• Fearing for being overweight despite maintaining a normal weight.
• Strong influence of body weight and shape on self-esteem.
• Unhealthy purging habits to cut off excessive calories.
• Losing control on eating and repetitive sessions of overeating.
The side effects of this condition include sore and inflamed throat, worn tooth enamel, swollen salivary glands, hormonal disturbances, dehydration, gut irritation, tooth decay, and acid reflux. In addition, it may cause a heart attack or stroke in severe cases. An imbalance in essential electrolytes such as calcium, potassium, and sodium is also seen in extreme cases.
Binge eating disorder:
One of the most common types of eating disorder is binge eating disorder. In this condition, a person tends to consume large amounts of food in a short span of time as he feels a lack of control over his eating habits. Like other types, it also develops during early adulthood and adolescence. The symptoms are nearly the same as binge eating type of anorexia and bulimia.
People suffering from this disorder keep gaining calories and do not go for purging activities to cut them off.
• Consuming food in large amounts despite not feeling hungry. The eating continues until the person feels uncomfortably full.
• Losing control while binge eating.
• Feeling ashamed, disgusted, or guilty of themselves when thinking about their habit of binge eating.
• Not practicing any purging activity such as vomiting, excessive exercise, calorie restriction, or diuretic and laxative use to compensate for their excessive eating.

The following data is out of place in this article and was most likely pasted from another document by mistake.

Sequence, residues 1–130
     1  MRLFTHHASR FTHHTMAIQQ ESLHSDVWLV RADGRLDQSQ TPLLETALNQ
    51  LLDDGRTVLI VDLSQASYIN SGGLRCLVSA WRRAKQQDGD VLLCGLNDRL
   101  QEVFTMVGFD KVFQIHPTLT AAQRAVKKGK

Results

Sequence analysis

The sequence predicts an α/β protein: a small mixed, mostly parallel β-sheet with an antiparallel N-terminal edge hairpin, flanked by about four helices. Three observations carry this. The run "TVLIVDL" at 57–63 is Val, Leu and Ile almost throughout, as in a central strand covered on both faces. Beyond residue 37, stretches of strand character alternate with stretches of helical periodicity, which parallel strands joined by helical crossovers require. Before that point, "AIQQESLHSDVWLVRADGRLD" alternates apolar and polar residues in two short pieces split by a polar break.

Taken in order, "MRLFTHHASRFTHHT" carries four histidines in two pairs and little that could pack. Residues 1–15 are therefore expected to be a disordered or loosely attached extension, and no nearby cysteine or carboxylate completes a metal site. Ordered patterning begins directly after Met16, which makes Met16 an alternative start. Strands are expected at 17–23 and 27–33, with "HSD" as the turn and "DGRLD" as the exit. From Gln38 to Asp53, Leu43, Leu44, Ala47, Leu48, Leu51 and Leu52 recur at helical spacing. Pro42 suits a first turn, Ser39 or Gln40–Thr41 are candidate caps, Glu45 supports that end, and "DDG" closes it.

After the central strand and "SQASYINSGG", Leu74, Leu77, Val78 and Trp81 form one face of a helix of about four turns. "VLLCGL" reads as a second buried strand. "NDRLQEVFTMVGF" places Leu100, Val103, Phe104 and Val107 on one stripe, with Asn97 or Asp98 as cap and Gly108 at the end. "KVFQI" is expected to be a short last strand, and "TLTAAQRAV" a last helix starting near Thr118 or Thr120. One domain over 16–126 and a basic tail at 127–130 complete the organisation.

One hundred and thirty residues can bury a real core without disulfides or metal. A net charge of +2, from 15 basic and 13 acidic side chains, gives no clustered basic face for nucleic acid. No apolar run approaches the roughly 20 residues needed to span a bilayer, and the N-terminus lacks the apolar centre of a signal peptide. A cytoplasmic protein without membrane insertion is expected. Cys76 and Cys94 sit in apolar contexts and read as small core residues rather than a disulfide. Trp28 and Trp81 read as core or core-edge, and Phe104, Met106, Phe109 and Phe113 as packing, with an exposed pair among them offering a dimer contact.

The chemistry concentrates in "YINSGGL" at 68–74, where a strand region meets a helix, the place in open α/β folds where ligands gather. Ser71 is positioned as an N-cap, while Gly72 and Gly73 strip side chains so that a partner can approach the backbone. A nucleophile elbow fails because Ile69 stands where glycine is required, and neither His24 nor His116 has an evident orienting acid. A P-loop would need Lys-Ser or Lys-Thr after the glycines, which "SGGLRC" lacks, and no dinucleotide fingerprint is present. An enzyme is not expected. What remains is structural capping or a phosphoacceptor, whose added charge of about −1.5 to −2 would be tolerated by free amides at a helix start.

Pica is an eating disorder in which a strange behavior of eating things not considered as food is observed. People suffering from this disorder crave things such as chalk, hair, paper, cloth, soil, ice, dirt, pebbles, soap, wool, cornstarch, or laundry detergent. Due to consuming non-food items, pica-affected individuals face a high risk of poisoning, nutritional deficiencies, and gut injuries depending on the item eaten. Pica can develop in adolescents, adults, children, people with mental disabilities, and pregnant women.
Rumination disorder is a comparatively newly discovered eating disorder. Under this condition, a person brings already swollen food back to the mouth, re-chews it, and either spit it out or re-swallows it. Although it resembles reflux, it is a voluntary action that usually occurs only within thirty minutes of eating. Rumination disorder can occur during any stage of life, such as infancy, childhood, and adulthood. This disorder needs medical therapy, or else it can prove to be fatal, especially among children.
Avoidant/restrictive food intake disorder:
Avoidant/restrictive food intake disorder (ARFID) is an eating disorder usually developed among children during infancy or later. It is characterized by disturbed eating habits due to lack of interest or distaste for specific temperatures, smells, textures, colors, or tastes. The chances of getting affected are equal for men and women.
• Avoiding taking a sufficient amount of food resulting in a lack of essential nutrients and calories in the body.
• Underweight or improper weight growth in relevance with age and height.
• Dependence on supplements or nutrients deficiencies.